Review Contents
Introduction
Editor's Choice
Performance
Features
Ease of Use
Value
Intended Use:
Business
BenQ SH910 Projector BenQ SH910
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3000:1 Contrast Ratio
4000 Lumens
$1,431 Street Price
$3,499 MSRP

BenQ SH910 Conference Room Projector

Allan Abbott, April 12, 2012

It is game 7 of the World Series or maybe the final round of the Masters, and you have your buddies over for some grilled goodies and a big game experience. What are you going to do? Put them in front of some 50" flat screen TV? No . . . you are going to dazzle them with a 120" screen that makes them feel like they are on the field or inside the ropes. It's Sunday afternoon, and the sun is lighting up your living room even with the shades drawn, but your new BenQ SH910 is more than up to the task.

With a 4,000-lumen brightness rating, this DLP projector puts up a stunning 1920x1080 image that shrugs off ambient light. It may be too bright for darkened home theater rooms, but when it comes to daytime viewing in sun-splashed rooms, the SH910 performs beautifully. As expected, shadow details can be compromised by high ambient light, but the high brightness from the SH910 makes for effective contrast and good highlight definition. To top things off, this powerhouse has a street price of $1,799 and weighs only 7.9 pounds which makes it easy to transport.

Setup options are a bit limited since there is no lens shift capability, but the SH910's 1.5:1 zoom lens gives you some flexibility in terms of distance from the screen. For a 120" diagonal, the bottom of the image is 20" above the centerline of the lens, so a coffee table placement works just fine. The audio output at 20 watts is designed for large gatherings, and the speakers are rock solid with no buzz or rattle. The SH910 may not be designed for the subtleties of home theater, but it surely delivers home entertainment in the living room at midday.

In its other primary application, the SH910 is an excellent choice for medium-sized venues where high quality, bright images are called for. Examples that come to mind are sports bars, photo clubs, and churches. If you can get past the mounting limitations, the SH910 has the horsepower to put up striking images with plenty of audio impact for audiences of 50-100.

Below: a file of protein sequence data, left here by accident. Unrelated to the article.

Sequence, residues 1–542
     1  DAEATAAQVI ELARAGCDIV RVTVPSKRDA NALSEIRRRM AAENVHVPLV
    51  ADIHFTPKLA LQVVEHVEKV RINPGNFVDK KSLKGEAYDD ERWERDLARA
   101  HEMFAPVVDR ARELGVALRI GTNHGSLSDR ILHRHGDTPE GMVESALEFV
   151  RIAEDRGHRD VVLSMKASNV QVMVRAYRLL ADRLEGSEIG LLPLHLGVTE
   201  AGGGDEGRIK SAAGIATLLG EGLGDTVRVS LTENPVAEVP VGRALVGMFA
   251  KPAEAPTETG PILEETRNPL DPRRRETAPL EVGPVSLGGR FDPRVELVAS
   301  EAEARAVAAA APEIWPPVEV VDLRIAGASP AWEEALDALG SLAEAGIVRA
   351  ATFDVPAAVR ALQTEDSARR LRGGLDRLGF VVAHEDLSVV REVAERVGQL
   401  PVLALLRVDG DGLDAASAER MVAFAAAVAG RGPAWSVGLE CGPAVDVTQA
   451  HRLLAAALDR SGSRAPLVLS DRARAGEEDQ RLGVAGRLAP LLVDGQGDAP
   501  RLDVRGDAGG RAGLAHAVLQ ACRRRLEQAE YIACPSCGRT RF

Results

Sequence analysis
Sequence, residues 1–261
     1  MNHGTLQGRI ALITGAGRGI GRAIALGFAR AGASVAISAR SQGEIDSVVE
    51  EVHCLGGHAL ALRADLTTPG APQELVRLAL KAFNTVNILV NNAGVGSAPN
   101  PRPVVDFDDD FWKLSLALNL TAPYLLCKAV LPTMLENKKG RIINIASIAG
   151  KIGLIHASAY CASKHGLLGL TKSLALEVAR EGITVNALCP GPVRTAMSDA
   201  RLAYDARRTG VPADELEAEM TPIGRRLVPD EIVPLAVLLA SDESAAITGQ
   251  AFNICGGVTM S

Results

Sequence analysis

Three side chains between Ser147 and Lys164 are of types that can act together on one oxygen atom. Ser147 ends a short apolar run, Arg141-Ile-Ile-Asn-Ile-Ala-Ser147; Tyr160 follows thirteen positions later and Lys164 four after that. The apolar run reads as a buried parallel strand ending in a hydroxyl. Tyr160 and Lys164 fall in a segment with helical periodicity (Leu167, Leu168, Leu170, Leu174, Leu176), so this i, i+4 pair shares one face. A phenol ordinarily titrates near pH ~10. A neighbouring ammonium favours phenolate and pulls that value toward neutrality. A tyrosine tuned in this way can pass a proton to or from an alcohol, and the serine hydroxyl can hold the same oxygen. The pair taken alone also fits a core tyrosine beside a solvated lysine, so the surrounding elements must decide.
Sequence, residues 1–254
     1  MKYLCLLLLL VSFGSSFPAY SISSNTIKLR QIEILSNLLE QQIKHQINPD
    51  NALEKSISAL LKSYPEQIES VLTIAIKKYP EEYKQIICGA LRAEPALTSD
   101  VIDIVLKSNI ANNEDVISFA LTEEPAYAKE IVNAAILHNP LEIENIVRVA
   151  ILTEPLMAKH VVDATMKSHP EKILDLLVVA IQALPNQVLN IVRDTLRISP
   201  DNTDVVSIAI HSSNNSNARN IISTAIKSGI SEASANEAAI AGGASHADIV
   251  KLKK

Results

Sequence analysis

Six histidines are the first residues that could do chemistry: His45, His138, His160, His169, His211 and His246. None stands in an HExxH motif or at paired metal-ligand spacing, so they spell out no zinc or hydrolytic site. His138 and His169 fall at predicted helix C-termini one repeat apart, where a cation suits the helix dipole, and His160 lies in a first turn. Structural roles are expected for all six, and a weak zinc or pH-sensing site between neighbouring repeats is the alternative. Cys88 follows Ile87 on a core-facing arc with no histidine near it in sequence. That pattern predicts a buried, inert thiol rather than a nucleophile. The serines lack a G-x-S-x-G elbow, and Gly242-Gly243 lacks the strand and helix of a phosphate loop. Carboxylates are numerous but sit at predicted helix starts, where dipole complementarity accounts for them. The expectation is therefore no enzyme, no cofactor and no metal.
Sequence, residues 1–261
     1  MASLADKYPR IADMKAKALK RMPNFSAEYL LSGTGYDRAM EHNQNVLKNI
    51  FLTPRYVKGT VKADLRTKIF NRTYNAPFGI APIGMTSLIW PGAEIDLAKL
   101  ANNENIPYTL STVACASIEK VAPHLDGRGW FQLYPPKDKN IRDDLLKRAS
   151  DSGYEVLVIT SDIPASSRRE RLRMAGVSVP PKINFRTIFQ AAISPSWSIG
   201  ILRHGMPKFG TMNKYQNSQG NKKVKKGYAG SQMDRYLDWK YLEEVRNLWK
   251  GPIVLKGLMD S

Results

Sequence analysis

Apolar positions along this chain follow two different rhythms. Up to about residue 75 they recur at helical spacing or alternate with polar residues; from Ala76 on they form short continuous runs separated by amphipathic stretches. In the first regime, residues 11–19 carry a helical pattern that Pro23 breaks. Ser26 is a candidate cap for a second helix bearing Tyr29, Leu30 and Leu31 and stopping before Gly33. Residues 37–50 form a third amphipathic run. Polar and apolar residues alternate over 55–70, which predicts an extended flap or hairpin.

The Viewing Experience

When you first power up the SH910, you will notice that the fan noise is surprisingly low for such a bright projector. With lamps of this wattage, a lot of warm air has to be exhausted from the case. BenQ has allocated large sections of both sides of the projector for air venting, and the result is a lower fan speed and less noise. If you can use Eco mode which only lowers brightness by about 22%, fan noise can be reduced to a whisper.

The optics package for the SH910 is well designed. Both zoom and focus controls have a smooth but firm feel that allows precise adjustment without overshoot. Edge-to-edge focus is excellent, and there are no obvious hot spots in the image. Keystone correction can be set automatically or manually from either the remote control or the on-screen menu. All in all, the SH910 has a solid optical design that is notable for its lack of visual distractions.

It is a shame that the SH910 cannot find a place in the home theater arena, but it is simply too bright for comfortable viewing in darkened rooms. Even in Eco mode with full zoom, the lowest preset (Cinema) puts out over 1,500 lumens which is uncomfortably bright in a small, darkened room. Still, the home theater enthusiast's loss is the home entertainer's gain, and in large rooms, the SH910 will definitely impress your audience with bright HD images even in tough projection conditions.

Review Contents: Introduction Key Features Conclusion

Reader Comments(1 comment)

Posted Nov 4, 2013 2:50:40 PM

By Andrew

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I used your site in the past when I first built my HT room. I have found your advice to be bang on. I have been running a Sanyo with 3500 lumen output and it has been a tank with virtually no issues. It's too bad that Panasonic took them out. I have a 14 foot wide Firehawk screen and full darkening capability in the room. Since everything has now gone HD I would like to look at uprading to HD and I'm having trouble finding something slightly brighter. Is the brightness issue the only reason you don't recommend this as a HT projector. This fits my room perfectly if it is.

Thanks Andrew

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